Even though I have taught life science most of my career and not physical science, I still feel it is important for students to understand polarity and electronegativity. If students don’t understand polarity, they won’t understand why the cell membrane has a hydrophobic and hydrophilic region. Understanding polarity also helps them understand protein folding and so many other macromolecule concepts. Because of this, I spend time before my cells unit reviewing the periodic table, bonding, and polarity. Here are a list of some resources you may find helpful!
The website Middle School Chemistry has a ton of free chemistry lessons and labs aimed at lower secondary grades, including this one on why water is a polar molecule. You can check out the lab here.
Want to add a little coloring to your polarity lesson? Check out this polarity color-by-number activity to give your students a bit of a brain break. You can find it here.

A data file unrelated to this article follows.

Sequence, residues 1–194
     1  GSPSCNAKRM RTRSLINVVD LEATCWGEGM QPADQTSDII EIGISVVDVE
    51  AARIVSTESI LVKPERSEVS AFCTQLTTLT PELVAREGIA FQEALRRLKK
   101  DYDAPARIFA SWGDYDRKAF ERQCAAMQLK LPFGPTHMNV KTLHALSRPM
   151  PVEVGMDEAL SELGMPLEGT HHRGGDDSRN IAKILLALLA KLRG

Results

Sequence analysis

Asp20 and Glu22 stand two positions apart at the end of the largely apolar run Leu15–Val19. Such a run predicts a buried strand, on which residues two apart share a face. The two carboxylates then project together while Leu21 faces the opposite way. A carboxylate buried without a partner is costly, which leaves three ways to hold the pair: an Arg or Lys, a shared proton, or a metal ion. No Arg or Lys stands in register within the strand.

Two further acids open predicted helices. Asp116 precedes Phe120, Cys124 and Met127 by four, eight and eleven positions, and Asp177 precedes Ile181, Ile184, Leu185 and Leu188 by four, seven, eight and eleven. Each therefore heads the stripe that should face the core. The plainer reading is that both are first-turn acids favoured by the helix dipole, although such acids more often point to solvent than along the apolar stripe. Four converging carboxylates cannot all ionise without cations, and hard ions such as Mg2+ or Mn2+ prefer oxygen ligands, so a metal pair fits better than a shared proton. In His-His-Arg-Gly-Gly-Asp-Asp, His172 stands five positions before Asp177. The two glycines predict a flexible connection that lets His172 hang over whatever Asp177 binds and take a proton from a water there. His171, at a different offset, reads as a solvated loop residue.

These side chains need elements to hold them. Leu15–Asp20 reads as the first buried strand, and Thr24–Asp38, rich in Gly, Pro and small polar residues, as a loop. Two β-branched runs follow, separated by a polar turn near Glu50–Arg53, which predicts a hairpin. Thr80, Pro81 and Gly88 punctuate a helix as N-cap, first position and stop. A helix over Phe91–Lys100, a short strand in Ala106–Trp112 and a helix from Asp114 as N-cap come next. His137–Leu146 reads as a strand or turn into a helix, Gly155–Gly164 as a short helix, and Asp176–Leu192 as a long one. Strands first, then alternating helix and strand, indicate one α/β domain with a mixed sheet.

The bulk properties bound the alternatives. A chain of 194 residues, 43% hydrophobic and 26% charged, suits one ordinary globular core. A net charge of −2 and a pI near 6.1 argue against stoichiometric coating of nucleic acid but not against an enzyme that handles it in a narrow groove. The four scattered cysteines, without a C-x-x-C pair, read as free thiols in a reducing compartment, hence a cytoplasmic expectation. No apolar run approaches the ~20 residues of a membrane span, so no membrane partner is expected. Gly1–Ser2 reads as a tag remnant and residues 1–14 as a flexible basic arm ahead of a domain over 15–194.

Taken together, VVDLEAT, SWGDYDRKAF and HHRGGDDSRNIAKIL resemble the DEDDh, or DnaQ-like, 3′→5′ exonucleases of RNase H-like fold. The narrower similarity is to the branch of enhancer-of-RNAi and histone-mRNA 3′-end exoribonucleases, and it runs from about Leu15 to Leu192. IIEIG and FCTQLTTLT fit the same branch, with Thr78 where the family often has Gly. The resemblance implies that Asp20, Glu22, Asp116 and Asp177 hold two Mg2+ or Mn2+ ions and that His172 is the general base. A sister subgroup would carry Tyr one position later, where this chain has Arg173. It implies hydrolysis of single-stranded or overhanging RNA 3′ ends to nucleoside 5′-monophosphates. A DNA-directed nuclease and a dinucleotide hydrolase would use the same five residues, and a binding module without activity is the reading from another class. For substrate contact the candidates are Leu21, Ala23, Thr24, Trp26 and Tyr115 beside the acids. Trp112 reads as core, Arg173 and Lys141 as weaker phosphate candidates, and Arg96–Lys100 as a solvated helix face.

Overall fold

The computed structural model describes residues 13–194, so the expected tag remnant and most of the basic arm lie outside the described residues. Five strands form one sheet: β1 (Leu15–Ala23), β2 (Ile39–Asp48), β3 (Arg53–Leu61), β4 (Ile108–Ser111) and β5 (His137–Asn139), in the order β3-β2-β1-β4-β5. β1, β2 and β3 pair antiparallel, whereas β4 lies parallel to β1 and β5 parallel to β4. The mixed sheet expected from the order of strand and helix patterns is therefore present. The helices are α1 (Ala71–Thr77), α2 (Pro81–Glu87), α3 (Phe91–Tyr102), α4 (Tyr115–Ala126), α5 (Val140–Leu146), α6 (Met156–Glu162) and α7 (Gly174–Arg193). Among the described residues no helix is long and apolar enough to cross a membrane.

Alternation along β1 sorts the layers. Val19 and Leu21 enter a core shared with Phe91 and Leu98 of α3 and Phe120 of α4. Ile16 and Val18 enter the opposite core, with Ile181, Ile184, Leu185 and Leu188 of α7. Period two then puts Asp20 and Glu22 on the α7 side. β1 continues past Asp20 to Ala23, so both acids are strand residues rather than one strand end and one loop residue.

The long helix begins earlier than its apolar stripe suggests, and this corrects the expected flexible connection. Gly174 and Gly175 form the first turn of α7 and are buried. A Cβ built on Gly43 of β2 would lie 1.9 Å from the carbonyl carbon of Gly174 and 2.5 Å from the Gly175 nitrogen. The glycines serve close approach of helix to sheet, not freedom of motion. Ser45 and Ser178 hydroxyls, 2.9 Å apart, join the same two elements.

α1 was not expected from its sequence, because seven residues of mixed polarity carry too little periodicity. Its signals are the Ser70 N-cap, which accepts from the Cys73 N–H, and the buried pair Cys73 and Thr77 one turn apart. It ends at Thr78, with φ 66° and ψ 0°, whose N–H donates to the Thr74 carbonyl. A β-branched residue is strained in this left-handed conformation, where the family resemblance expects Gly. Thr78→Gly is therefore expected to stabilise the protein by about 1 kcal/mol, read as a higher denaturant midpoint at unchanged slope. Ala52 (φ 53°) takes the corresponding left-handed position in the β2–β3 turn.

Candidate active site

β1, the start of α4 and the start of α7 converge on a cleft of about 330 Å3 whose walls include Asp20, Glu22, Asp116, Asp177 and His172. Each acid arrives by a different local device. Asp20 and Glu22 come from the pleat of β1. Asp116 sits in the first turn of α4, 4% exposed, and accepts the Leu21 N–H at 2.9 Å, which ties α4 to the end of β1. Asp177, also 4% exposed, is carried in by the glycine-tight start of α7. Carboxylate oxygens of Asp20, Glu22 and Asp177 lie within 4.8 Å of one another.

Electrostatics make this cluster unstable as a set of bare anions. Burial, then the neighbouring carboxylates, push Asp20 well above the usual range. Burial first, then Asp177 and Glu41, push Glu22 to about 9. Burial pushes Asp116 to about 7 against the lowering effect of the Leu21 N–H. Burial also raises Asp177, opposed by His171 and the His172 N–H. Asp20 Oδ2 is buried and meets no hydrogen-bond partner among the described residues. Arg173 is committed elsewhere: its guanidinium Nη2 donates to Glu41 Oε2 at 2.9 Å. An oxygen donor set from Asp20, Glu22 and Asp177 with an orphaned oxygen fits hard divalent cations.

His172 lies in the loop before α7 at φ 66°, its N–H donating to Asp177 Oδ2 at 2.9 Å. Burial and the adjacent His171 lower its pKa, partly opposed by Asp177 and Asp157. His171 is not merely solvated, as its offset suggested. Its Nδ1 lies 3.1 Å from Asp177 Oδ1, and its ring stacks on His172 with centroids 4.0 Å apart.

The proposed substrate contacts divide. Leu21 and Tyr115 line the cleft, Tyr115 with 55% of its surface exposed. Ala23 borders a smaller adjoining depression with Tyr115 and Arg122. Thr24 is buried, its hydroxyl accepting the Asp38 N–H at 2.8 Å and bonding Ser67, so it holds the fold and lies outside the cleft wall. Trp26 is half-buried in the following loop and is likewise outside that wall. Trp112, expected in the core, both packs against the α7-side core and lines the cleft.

This resource is a cartoon called “The Bare Essentials of Polarity” and uses polar bears and penguins to help students visually understand polarity and electronegativity. I use it every year and get so many “ah-ha” moments by the end. You can download the cartoon here.
Similar to the cartoon listed above, I created this review worksheet that uses a tug of war as an analogy for polarity. It would be a great homework assignment following your polarity lesson. You can check it out here.
Have kinesthetic learners? In this lesson plan from TeachChemistry.org, students model electronegativity and polarity of molecules.
If you have access to computers, PHET has a free interactive website where students can play around with and observe the polarity of different molecules. You can access the interactive here.
My friend at Science with Mrs. Lau created this free electronegativity reference page you can print and have students keep in their binders. You can download it here.
I haven’t tried this last lab, but it looks like a blast! Students use food coloring, paper, and shaving cream to make observations about polar molecules. You can check it out here.
I hope one or two of those links are useful to you! If you have any other favorites, drop them in the comments, I’d love to check them out!